In 2006 the late, great Robin Williams starred in a Barry Levinson film called Man of the Year. The premise was that a political comedy/talk show host (think Jon Stewart) runs for President, as an outsider, and wins.
Levinson thought the possibility of this actually happening so slim that he wrote in a sub-plot of irregularities in a new electronic voting system that preferences candidates with double letters in their surname (Williams’ character was Tom Dobbs) to explain how the TV star turned a wave of populist appeal into an electoral college win.
Ten years later Levinson must be thinking ‘why did I bother’? The far fetched is becoming reality as Donald Trump rides a tsunami of populist appeal to primary win after primary win in the race for the Republican Party Presidential Nomination.
The real test of Super Tuesday primaries is almost upon us but, win lose or draw on that important day, Trump and to a considerable extent the Democrat “outsider” Senator Bernie Sanders, have redrawn the American political map and perhaps the way all western politicians will frame their future campaigns.
The mythical Tom Dobbs initially struggles to compete with establishment candidates but when he bursts out of the political mould, turning the switch to vaudeville (as they say in showbiz) to make his points his popularity rockets. His messages are simple, simplistic in fact, but they are delivered with naïve sincerity and are undeniably entertaining. As a result, he taps into a deep dissatisfaction with the rigid and harshly partisan two party system.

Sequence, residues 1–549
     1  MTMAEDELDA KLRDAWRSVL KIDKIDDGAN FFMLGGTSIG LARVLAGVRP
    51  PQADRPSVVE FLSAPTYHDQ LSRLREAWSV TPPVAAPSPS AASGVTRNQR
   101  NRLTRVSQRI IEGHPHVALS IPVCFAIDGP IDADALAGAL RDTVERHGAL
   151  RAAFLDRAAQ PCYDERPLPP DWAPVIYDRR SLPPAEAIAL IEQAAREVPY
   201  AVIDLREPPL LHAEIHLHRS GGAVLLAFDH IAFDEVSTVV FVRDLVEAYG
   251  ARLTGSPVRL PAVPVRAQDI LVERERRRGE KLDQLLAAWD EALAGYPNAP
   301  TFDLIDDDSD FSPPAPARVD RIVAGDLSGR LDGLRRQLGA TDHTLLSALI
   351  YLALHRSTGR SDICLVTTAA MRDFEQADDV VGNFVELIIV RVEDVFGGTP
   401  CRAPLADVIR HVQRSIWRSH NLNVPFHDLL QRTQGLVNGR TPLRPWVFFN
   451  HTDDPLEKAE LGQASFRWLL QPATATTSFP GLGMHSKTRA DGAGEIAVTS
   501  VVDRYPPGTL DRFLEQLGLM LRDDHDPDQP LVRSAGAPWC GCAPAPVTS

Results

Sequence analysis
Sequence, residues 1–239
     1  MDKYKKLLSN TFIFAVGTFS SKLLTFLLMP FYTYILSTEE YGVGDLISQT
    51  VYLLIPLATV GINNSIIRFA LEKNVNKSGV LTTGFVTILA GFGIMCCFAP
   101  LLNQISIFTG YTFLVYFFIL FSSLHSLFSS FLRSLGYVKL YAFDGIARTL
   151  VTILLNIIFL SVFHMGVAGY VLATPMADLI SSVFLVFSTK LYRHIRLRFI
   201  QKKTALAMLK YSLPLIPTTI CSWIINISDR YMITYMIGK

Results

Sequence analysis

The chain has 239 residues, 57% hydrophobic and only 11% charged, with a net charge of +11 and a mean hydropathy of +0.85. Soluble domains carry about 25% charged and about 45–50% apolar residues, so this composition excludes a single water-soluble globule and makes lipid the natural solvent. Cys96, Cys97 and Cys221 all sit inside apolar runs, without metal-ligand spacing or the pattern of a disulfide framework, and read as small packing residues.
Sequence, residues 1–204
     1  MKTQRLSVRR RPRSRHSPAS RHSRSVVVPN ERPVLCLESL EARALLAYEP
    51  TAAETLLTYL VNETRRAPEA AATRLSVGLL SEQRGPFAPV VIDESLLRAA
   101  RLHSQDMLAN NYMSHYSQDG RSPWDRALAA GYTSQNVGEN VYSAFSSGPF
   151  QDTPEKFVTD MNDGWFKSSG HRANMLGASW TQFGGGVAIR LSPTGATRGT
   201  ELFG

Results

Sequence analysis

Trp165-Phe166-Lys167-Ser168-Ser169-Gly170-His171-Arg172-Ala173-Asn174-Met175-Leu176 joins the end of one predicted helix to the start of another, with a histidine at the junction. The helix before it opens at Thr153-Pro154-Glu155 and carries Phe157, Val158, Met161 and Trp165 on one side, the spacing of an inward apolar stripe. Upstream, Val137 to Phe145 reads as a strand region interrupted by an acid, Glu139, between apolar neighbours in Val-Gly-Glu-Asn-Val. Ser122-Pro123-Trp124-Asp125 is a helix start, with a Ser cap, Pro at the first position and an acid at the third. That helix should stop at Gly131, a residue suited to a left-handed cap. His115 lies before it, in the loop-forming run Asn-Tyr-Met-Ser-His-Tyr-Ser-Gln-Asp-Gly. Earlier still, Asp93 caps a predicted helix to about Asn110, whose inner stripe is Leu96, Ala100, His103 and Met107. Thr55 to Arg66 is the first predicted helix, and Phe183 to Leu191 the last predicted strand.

Trump has shown that he can mine that degree of voter frustration with broad statements of objectives and with often offensive comments that would see career politicians crash and burn. But he just gets stronger. He took on the Pope for heaven’s sake, and the Pope issued a clarification!
Sanders is a 25 year veteran of the Senate who is running as an “outsider” by to positioning himself as a Democratic Socialist. A term that until recently would have seen any American politician laughed off the stage. Yet he is tapping the same frustration, just with a younger audience.
Politics as usual is becoming anything but. Hillary Clinton may still prevail through tight organisation, demographics and getting out the vote, but the political scene has changed, forever.
We have had our brush with shallow populists in Australia. Think Pauline Hanson and Clive Palmer. However, our electoral system does not offer the opportunity to catapult to the top job without first earning at least some political stripes. That’s probably a good thing. It allows time for the imposters to unclothe themselves.
In a multi-media, instant gratification, increasingly superficial message driven world it will be a brave politician who ignores the lessons already provided by the USA’s electoral process.
In 1976 the Sidney Lumet film, Network, written by Paddy Chayefske, had Australian actor Peter Finch, as top rating news anchor Howard Beale, deliver rants against the comfortable coalescence of media, business and politics, always ending with a trade mark cry of :
” We’re mad as hell and we’re not going to take this anymore.”
Hollywood may have proven to be more prophetic than even it could imagine.